My message? Well, I suppose that it’s that it is ok to not accept every single person in the world into your life at a bone-deep level. It is ok to keep unsafe people at a safe distance. It is not ok to be bitter and angry with them…but, I think we should allow people in as far as is healthy for us and for them. So, how are you doing with this? Are you allowing unhealthy relationships to change your story? Do you have toxic people in your life that need to be placed more at the periphery instead of in a central role? Are you a toxic person that needs to spend some time studying what your true story is so that you can be a giver of truth and life? How can you speak truth and life into others? Are you using your gifts to enhance the lives of others? Do you have people in your life whose gifts you can see clearly but they can’t? Are you helping them to see those gifts so that they can better tell their story?

I am praying today that we will all be on mission…that we will all be story-tellers…that we will help those around us become better versions of themselves…and that we will reflect a true version of our God instead of the muddied pictures that we sometimes become. Much love friends,


Image taken from: http://cyruspavel.tumblr.com/post/20587491811/the-emotional-chameleon

8/12/14 Morning Musing: We are Velcro

This morning, I woke up heart-broken as I remembered the tragic news about Robin Williams. This news hit so close to home for me on many levels. This post is not going to be a memorial to the genius we knew as Robin Williams…instead, I would like to just shine some light on a few things. But everything exposed by the light becomes visible—and everything that is illuminated becomes a light. (‭Ephesians‬ ‭5‬:‭13‬ NIV)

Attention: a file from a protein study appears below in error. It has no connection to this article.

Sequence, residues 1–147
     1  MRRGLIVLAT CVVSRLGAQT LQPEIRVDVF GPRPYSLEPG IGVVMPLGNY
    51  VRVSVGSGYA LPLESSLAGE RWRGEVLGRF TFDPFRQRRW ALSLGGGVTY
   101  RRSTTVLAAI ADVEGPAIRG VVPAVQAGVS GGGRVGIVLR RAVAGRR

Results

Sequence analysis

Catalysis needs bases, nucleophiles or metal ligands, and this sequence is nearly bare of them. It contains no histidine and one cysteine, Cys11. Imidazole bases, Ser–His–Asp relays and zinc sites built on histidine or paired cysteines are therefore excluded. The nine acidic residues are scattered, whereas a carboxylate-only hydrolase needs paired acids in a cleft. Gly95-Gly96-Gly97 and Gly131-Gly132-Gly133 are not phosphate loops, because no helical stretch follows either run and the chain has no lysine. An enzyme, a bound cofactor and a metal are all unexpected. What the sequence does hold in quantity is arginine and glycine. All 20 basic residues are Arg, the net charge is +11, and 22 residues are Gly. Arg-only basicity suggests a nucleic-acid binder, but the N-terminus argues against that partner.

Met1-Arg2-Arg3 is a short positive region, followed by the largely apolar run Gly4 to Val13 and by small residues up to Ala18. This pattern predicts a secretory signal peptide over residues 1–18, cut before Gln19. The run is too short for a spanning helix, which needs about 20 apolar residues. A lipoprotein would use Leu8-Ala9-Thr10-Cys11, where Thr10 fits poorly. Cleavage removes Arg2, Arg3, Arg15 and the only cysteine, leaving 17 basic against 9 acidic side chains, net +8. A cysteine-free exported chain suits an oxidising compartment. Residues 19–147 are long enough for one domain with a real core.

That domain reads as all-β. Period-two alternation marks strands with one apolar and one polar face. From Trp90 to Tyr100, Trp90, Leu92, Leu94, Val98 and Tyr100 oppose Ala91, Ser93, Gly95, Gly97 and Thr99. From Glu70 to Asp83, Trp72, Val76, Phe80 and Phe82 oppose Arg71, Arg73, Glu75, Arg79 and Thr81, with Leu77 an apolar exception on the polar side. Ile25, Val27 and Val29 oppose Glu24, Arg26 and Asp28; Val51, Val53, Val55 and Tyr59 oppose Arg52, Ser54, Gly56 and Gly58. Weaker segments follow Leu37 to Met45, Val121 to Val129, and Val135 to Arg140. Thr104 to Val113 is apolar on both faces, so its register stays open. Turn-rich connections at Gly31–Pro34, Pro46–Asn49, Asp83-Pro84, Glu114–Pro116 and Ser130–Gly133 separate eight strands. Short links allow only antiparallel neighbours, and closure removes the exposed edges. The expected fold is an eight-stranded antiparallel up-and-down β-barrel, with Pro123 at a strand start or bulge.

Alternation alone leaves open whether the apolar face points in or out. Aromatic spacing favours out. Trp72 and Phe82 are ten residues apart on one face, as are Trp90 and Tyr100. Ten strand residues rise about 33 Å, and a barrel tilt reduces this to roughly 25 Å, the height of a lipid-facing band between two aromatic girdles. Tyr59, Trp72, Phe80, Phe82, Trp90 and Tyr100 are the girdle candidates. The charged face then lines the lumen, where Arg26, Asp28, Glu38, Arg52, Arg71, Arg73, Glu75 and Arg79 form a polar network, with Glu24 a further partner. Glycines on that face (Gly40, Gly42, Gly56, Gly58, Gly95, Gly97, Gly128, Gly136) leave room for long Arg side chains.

Depression is not what most people think it is and it doesn’t always look the same for different people…it does not mean that you walk around visibly sad all the time. During my most depressed moments, I have been the life of the party. I felt alone. I felt unloved. I believed that people only wanted me around to fulfill a function for them. But, I smiled and faked a confidence that could have won an academy award for the performance I put on. I thought that being fun and funny would make people love me more and I desperately wanted people to love me more. I wanted to matter. I even served more…it was not all self-focused sadness…I felt disconnected and mission-less. Depression, for me, was not a woe-is-me time as much as it was a desperation to matter and feel loved. I could not pray my way out of it and, if I had let anyone know, they couldn’t have reasoned me out of it. I was chemically imbalanced and could not control what was happening inside me. It was not weakness or a pity party. These were truths in my head…and while the rest of the world may not have perceived them to be true, they were true to me…and that is what carries the most weight to a person…what they believe to be true…not necessarily what is actually true.

Suicide is also not what many people think it is. During the poisoning aftermath, this was something I considered. I used to be ashamed to admit it but I did…I thought about it. I saw myself financially draining the family with no end in sight…I thought they’d be better off without me. Lots of people experience these kinds of thoughts…yes, even Christians. The thing that I can not stress enough is how important it is to share what you are feeling with someone safe. Once I verbalized it, I felt accountable to not follow through with it. I had someone checking in on me and helping me to get into a safer head-space. I had someone speak real truth to me…God’s honest truth…not perception…not feelings…not stuff that was hormonally subjective…but things that I held to be true that were in direct conflict with what I was experiencing. This helped me to slowly turn back to a safer path. I hear people talk about how selfish suicide is…I can agree to a point…but in many cases, people think that they are being selfless.